Tuesday, September 10, 2013

Philadelphia Eagles at Washington Redskins Week 1 Afterthoughts 9/9/2013

RB LeSean McCoy runs in for his first touchdown of the 2013 season.
Image courtesy of AP

Talking about it was one thing. The anticipation was another. But the execution? A whole different animal.

Football fans across the country, and more so in the City of Brotherly Love, had watched Chip Kelly’s Oregon offense and wondered exactly how it would translate in the NFL. The result last night in our nation’s capital was a high-powered, high-paced, run-heavy offense that the city of Philadelphia never saw under former coach Andy Reid. The Eagles offense kept their foot on the gas during the first half while the Redskins defense tired.

It was expected that the Eagles rushing attack would get a good amount of opportunities in Kelly’s offense and the backs got more than their fair share. LeSean McCoy ran 31 times for 184 yards and a touchdown, breaking his record for carries in a game and coming one yard shy of his career high in yards. Michael Vick ran it nine times for 54 yards and a touchdown and Bryce Brown got nine carries as well, rushing for 28 yards. The Eagles only threw the ball 25 times. This is something that could very much be conceived as impossible by a fan who’s watched only the Eagles offense the past 14 seasons.

Receiver DeSean Jackson had both his first 100-yard receiving game and his first receiving touchdown since week 9 of last season in a loss at New Orleans. Jackson is a big piece to the Eagles puzzle this season and his performance will be vital to determining the long-term success of this team. This offense is made for athletic types and the Eagles have three big ones in Vick, McCoy & Jackson. The scheme is good, but if you don’t have the players you need to execute it, it won’t work. This is why Kelly was a perfect fit for Philadelphia.

The 53 plays that Philadelphia got off during the first 30 minutes were the most by an NFL team in 15 years. The fact that this team could get off more plays than the Redskins gained yards in that period is unthinkable, but that’s exactly what happened. Albeit, the defense was a surprisingly big help in the first half, forcing an interception, fumble and safety, the Eagles took advantage of every opportunity given to them after the Redskins recovered a fumble for a touchdown on the opening drive of the game.

Now this was extremely exciting to watch, but the Eagles did let up in the second half. If they weren’t up by 19 I may have been worried that the Redskins caught on quickly, but the fact is they were up a lot and they didn’t want to do anything foolish so they played more conservatively, especially after McCoy’s touchdown in the beginning of the third quarter. This game should have been over before the fourth quarter began, but it wasn’t over until a failed Redskins onside kick with 1:14 remaining. This was reminiscent of past Eagles teams that couldn’t close, but at the end of the day, they won.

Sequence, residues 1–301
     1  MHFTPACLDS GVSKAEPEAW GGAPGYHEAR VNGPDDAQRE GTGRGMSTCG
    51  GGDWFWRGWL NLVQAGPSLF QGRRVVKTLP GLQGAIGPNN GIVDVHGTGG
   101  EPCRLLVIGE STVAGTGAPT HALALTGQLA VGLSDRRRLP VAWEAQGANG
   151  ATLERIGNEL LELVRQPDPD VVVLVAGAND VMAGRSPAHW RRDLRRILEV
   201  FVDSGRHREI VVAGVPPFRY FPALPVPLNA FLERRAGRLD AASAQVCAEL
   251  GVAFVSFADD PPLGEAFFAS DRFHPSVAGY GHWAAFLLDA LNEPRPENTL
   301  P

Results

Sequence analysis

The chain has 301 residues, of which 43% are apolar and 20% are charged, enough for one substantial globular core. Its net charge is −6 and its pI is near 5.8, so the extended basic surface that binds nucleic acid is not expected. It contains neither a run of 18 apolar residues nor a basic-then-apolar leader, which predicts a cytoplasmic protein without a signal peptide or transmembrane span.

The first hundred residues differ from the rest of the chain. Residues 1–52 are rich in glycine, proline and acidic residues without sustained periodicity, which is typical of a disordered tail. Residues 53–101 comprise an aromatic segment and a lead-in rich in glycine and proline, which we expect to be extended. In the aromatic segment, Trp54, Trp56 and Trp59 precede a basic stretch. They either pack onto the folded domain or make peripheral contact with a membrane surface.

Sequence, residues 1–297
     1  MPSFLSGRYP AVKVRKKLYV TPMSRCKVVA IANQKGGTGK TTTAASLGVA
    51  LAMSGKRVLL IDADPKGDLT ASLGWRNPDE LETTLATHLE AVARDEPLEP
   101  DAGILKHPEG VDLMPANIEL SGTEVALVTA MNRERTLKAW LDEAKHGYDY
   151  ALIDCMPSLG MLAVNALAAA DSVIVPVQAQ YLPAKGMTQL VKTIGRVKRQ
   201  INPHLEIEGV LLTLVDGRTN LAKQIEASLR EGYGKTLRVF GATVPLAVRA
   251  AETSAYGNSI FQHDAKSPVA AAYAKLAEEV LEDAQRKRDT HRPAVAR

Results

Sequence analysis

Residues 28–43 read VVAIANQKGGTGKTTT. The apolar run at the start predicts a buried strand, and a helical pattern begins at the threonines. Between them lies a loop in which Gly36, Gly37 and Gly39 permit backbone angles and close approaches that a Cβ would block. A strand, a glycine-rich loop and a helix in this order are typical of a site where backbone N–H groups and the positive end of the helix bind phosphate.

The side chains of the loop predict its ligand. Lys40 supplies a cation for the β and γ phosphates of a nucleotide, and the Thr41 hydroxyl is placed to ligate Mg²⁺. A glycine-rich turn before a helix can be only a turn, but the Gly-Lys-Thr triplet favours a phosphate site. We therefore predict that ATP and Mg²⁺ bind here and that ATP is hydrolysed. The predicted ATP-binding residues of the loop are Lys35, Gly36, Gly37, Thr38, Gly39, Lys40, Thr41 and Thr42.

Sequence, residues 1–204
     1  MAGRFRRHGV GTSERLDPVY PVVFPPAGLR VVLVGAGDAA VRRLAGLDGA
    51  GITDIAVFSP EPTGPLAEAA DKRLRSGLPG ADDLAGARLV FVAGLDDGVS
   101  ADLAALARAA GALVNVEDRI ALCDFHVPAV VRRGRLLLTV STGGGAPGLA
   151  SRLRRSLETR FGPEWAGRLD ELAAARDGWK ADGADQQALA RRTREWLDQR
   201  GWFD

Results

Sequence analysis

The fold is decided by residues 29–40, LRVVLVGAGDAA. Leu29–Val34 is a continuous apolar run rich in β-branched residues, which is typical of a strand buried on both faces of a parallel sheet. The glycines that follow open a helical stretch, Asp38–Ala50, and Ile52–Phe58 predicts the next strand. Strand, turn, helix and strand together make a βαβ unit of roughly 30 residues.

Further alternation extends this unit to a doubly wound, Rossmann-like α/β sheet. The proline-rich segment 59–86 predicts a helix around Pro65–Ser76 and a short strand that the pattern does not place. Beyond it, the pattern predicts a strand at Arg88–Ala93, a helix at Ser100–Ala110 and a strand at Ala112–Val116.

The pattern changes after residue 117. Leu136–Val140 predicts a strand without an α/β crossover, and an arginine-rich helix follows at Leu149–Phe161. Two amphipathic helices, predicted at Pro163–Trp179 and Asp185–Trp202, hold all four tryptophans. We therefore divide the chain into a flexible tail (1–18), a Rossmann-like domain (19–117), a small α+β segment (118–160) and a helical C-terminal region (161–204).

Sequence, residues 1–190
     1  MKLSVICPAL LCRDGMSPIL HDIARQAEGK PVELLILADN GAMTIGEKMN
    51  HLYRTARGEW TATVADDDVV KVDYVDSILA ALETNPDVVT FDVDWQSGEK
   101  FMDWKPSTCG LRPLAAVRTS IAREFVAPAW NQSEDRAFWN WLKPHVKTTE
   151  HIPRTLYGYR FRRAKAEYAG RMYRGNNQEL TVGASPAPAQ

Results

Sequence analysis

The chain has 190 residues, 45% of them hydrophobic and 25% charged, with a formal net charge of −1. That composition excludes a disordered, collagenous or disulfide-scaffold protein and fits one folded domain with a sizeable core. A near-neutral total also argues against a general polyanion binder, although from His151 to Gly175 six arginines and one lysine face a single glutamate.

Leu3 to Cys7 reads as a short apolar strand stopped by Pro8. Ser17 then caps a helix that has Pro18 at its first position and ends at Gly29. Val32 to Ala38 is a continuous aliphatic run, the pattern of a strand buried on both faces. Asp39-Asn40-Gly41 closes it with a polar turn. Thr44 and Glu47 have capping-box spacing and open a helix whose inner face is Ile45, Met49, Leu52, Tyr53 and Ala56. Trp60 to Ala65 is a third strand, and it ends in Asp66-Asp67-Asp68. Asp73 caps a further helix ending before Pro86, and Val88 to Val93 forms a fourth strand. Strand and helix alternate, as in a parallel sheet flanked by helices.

This is only week one and Redskins Quarterback Robert Griffin III was far from 100 percent, but it was huge for the Eagles to get this opening win on the road against a division rival. Chip Kelly getting his first win in Week 1 is also a big plus because he has free reign to do what he needs to do with the team without critics starting an unnecessary storyline pointing to the win-loss record and questioning his philosophy. 

The Eagles did also start last season 3-0, but those three wins were all questionable. This one was emphatic. The team looked good for much of the game and unlike last season’s opener, they gave us something to show us they’re ready to go, rather than steal a win from a sub-par Cleveland Browns team. This team has the potential to be good and surprise a lot of people. There’s still a long way to go but this is a good start and San Diego’s going to have a lot of preparing to do to get ready for Sunday.

Sunday, January 13, 2013

Ravens outlast Broncos in classic Divisional Playoff matchup

Image courtesy of AP

Trindon Holliday’s 90-yard punt return seemed to set the tone early for the Broncos/Ravens divisional playoff.

But Baltimore answered.

His 104-yard kick return to open the second half seemed to just reaffirm the fact.

But Baltimore answered.

Being stopped on a 4th and 5 with less than three minutes to go and being forced to use a timeout due to Quarterback Joe Flacco’s lack of awareness seemed to award the Broncos a 35-28 victory.
But after a defensive stop, Flacco got the ball back with 1:09 remaining and, with just 35 seconds left, threw a 70-yard touchdown pass to Jacoby Jones.

In the face of adversity disguised as the Denver Broncos and their raucous fans, once again, Baltimore answered.

And after a full overtime period that was a microcosm of the game itself—back-and-forth—rookie Kicker Justin Tucker kicked the Ravens into the AFC Championship game with a 47-yard field goal 1:42 into the extra period.

Tucker, who hit a 67-yarder during the pregame warmups, gave much credit to Long Snapper Morgan Cox & Holder Sam Koch.

“A big thing for us is sticking to our routine,” he remarked. “With Morgan’s snaps & Sam’s holds, it’s pretty hard to miss.”

Quarterback Peyton Manning’s Broncos hadn’t lost a game since October 8th, but even though they led for most of today’s game, they couldn’t outlast the Ravens, whose big plays kept them in the fight. Manning also threw two costly interceptions to cornerback Corey Graham; one in the first quarter that was returned for a touchdown and one with time winding down in the first overtime that led to Tucker’s game-winning field goal.

Flacco threw for 331 yards and 3 touchdowns, two to Wide Receiver Torrey Smith, while Running Back Ray Rice complemented him with 131 yards on 30 rushes. On the other side, Manning threw for 290s and 3 TDs, and rookie running back Ronnie Hillman had 22 carries for 83 yards.

Linebacker Ray Lewis is on his last ride in the NFL, and he made as big of an impact as he could today, leading all players with 17 tackles. He did what leaders do and made sure his team wasn’t brainwashed by outsiders, who thought a Denver win was inevitable.